During the Bubble Era, with Japan’s economy flush with cash, a number of regional expos sprang up around the country. Akin to miniature world’s fairs, they showcased local culture and industry thanks to corporate sponsors bursting with coin. One such company was Isuzu Motors, who sponsored the 1989 Yokohama Expo with a strange interactive art exhibit and futuristic buses.
The expo was held at what is today the Minato Mirai port area of Yokohama, and it was no small affair. It was held for 191 days, from March to October of 1989 and attracted over 13.3 million visitors. No private cars were allowed in the venue and parking was extremely limited, so ads for the event encouraged attendees to use buses, trains, and ferries to get there.
A number of transportation systems were built especially for the expo, including a gondola, a moving walkway, and Japan’s first maglev train sponsored by Mitsukoshi Department Store. As the automotive sponsor, Isuzu contributed an army of regular buses, but also created their own futuristic buses specifically for the event.
Both had their wheels tucked way under the bodywork to give the illusion that they were floating. The Isuzu Jumbo Cruiser featured an enclosed compartment in front and an open observatory deck at the rear. It resembled a hovercraft and could carry 40 people. It was used to move spectators on a set route of about 1.5km around the park. Some accounts say that Isuzu built a total of four of them in various colors.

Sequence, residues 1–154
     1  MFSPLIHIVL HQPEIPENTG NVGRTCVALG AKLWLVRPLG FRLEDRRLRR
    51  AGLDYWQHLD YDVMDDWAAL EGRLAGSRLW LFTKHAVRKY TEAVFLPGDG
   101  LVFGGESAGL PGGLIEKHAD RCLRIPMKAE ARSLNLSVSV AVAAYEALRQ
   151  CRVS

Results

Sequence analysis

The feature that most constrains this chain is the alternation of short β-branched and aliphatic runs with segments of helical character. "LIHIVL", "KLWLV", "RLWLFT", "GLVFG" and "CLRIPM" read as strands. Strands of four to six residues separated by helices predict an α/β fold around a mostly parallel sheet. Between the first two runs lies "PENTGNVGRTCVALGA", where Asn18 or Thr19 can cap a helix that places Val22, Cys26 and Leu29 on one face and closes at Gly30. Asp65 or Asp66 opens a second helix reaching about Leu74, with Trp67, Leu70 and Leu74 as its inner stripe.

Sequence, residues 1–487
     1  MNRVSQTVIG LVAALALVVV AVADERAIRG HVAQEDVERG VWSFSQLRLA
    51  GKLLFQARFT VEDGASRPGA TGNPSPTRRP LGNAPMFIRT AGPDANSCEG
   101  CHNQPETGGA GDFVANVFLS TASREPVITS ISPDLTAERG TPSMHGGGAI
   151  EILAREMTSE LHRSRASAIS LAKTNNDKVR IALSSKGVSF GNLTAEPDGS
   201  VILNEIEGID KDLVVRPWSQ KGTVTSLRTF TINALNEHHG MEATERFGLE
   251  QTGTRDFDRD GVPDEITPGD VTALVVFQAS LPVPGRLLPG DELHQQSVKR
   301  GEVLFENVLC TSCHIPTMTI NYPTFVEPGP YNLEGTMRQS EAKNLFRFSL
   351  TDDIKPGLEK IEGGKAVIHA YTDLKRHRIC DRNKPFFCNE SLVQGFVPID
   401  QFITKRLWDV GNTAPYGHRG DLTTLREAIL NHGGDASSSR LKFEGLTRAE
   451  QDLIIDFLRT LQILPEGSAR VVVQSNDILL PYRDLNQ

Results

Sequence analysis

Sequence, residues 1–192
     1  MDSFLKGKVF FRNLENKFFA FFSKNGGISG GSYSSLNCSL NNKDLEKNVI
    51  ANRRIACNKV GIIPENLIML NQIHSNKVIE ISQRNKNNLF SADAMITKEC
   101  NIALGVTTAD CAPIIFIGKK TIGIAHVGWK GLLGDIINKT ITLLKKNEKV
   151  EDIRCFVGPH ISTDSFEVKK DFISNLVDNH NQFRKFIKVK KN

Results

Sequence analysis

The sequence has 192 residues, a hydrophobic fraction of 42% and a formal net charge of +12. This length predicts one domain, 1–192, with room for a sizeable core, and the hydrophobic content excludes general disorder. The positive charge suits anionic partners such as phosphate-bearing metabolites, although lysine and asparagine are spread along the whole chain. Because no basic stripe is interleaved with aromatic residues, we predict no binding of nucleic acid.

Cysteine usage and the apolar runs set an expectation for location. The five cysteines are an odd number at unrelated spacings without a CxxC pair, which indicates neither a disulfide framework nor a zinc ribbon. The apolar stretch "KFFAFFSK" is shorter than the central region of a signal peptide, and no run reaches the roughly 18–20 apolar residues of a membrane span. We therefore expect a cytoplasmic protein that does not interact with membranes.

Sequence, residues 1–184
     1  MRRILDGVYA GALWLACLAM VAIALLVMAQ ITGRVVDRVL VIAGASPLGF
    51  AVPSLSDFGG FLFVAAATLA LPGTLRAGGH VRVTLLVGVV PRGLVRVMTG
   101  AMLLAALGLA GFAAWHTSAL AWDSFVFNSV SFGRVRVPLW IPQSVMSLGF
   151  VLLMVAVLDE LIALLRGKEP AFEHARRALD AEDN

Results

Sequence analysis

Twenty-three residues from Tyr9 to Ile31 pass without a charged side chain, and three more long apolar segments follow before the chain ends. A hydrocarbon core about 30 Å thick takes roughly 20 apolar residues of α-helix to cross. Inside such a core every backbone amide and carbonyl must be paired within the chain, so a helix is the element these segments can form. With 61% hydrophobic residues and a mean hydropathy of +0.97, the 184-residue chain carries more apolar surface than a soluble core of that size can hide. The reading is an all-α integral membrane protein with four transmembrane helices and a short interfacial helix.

However, one futuristic bus simply wasn’t enough. So Isuzu also built a second futuristic shuttle, called simply the Isuzu Bi-Directional Bus. As the name implied, it was symmetrical at its lengthwise midpoint, could drive in either direction, and had a driver’s seat on either end. Its sole purpose was to go back and forth between the Sea Gate and the Gondola Gate, a distance of just 0.25 miles. Total capacity rang in at 29 people, and Isuzu built just one example.
Isuzu’s participation wasn’t limited to buses. They also created a bizarre exhibit that featured a bunch of upside-down cars, trucks, and human legs resembling a nightmarish teleportation accident. The field of fiberglass sculptures was located outside one of the main train stations leading to the expo and was, oddly enough, a playground meant to inspire children.
The installment was created by art and architecture firm SITE New York, founded by James Wines. It’s the same organization that created the Ghost Parking Lot in Hamden, Connecticut and Highway ’86 at the Canada World Expo (JNCers may notice some familiar machinery in the latter). The creators describes it thusly:
Isuzu Motors and Japan Railway sponsored this children’s plaza in front of the Yokohama’s Sakuragicho Train Station. The project was commissioned to celebrate the links between people, ground transportation and space exploration. Since venturing into the cosmos is closely associated with an absence of gravity, the plaza plane supports an inverted world of people and Isuzu vehicles. To achieve this effect, the lower bodies and legs of a large number of Yokohama residents have been cast from life in fiberglass, then installed in a reversed position. The intention is to create the illusion of an invisible walking surface, suspended above the actual plaza level. In order to enhance this surreal dimension, all of the human figures, automobiles, bicycles, street furniture and tree roots are monochrome gray to match the color of the paving.
Surprisingly, these days there is precious little about Isuzu’s participation in the Yokohama Expo. Only a few old photos of the exhibit and buses exist online. Some of the attractions built for the expo, however, remain to this day including the Yokohama Museum of Art, Yokohama Port Museum, and the Cosmo Clock 21 ferris wheel, the tallest in the world at the time it was built. These remnants serve as a stark reminder of how quickly things in Japan can be built, torn down, and forgotten.
Images: SITE – James Wines, LLC, Yokohama City Archives, Wikimedia Commons, Minato Mirai 21.